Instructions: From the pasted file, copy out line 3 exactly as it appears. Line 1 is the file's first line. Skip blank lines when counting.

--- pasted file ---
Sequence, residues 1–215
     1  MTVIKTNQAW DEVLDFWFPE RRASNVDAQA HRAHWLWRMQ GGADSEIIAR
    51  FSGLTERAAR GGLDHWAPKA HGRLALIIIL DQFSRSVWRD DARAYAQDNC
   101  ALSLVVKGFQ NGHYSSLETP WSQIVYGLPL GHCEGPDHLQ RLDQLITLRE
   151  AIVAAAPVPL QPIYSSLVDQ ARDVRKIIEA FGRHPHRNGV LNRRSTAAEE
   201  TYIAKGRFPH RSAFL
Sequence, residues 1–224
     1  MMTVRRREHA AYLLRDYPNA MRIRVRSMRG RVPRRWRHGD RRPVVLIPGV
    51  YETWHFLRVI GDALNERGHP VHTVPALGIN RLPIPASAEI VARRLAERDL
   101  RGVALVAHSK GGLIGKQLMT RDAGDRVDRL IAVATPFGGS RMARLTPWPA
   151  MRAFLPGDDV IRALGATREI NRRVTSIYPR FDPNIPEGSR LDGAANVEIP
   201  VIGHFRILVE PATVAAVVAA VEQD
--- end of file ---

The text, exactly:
    51  FSGLTERAAR GGLDHWAPKA HGRLALIIIL DQFSRSVWRD DARAYAQDNC